Much has been written about the ups and downs of financial
markets, from the lure of prosperity to the despair of crises. Yet
a more fundamental and pernicious source of uncertainty exists in
today's world: the traditional "insurance" risks of earthquakes,
storms, terrorist attacks, and other disasters. Insightfully
exploring these "acts of God and man," Michael R. Powers guides
readers through the methods available for identifying and measuring
such risks, financing their consequences, and forecasting their
future behavior within the limits of science.
A distinctive characteristic of earthquakes, hurricanes,
bombings, and other insurance risks is that they impact the values
of stocks, bonds, commodities, and other market-based financial
products, while remaining largely unaffected by or "aloof" from the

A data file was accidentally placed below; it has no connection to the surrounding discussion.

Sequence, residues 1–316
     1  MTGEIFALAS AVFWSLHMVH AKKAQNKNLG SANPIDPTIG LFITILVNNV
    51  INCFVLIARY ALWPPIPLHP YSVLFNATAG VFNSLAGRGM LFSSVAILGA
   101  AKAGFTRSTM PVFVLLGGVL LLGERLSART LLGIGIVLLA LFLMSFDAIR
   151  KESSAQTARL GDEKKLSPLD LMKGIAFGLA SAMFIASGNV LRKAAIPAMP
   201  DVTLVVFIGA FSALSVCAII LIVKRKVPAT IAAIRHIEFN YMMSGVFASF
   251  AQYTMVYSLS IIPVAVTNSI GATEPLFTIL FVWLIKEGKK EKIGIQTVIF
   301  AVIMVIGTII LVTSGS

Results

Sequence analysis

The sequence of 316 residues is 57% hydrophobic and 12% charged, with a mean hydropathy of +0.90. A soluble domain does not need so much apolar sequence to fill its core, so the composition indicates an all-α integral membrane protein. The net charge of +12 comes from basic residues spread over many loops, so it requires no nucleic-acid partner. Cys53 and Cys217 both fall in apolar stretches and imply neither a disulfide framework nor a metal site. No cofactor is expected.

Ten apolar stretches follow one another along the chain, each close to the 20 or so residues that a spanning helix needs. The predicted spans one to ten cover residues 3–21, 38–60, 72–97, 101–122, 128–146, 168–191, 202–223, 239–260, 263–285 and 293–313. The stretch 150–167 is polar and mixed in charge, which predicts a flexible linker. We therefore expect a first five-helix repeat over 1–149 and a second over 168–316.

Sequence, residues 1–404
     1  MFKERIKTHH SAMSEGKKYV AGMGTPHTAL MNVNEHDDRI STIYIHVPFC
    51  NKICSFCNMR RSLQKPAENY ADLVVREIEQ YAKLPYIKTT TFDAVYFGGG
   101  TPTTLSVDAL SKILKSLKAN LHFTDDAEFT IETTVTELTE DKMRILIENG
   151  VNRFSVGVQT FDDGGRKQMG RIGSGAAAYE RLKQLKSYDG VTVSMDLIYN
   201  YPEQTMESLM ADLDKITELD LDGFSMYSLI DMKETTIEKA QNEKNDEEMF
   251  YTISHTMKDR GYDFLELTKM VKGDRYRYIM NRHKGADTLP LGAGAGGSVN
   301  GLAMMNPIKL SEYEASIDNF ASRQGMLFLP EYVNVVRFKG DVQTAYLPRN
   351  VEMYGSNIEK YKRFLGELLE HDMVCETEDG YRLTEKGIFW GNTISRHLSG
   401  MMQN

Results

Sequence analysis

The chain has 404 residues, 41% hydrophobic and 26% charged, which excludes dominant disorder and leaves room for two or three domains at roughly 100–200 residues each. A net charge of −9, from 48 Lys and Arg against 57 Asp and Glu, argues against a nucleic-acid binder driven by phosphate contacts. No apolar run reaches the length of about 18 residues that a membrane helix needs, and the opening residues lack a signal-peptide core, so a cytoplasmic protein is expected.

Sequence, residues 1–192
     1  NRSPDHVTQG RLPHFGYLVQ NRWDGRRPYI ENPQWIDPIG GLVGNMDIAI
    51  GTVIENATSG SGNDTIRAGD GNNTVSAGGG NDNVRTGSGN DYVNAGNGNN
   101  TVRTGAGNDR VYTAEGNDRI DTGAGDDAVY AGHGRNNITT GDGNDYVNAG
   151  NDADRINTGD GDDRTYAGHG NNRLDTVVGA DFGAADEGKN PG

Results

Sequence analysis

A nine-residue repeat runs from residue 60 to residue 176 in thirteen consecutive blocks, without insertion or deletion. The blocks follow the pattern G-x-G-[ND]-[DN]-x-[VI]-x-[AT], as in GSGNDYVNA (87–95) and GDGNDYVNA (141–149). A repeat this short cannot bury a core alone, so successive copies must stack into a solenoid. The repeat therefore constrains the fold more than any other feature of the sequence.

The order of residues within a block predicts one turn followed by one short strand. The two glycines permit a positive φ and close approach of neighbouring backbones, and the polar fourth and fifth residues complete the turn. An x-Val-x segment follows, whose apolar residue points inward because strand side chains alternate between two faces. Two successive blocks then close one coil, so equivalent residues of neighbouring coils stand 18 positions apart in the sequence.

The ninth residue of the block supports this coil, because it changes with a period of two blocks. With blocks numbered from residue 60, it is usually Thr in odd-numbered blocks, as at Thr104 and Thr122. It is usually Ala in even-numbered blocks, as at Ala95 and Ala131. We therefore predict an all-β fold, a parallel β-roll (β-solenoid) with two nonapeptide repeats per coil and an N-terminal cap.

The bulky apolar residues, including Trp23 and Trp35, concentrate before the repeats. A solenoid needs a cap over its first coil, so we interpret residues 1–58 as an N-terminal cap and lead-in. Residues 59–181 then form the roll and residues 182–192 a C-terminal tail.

behavior of markets. Quantifying such risks given limited data is
difficult yet crucial for achieving the financing objectives of
insurance. Powers begins with a discussion of how risk impacts our
lives, health, and possessions and proceeds to introduce the
statistical techniques necessary for analyzing these uncertainties.
He then considers the experience of risk from the perspectives of
both policyholders and insurance companies, and compares their
The risks inherent in the private insurance industry lead
naturally to a discussion of the government's role as both market
regulator and potential "insurer of last resort." Following a
thoughtful and balanced analysis of these issues, Powers concludes
with an interdisciplinary investigation into the nature of
uncertainty, incorporating ideas from physics, philosophy, and game
theory to assess science's limitations in predicting the
ramifications of risk.
Subjects: Business, Finance
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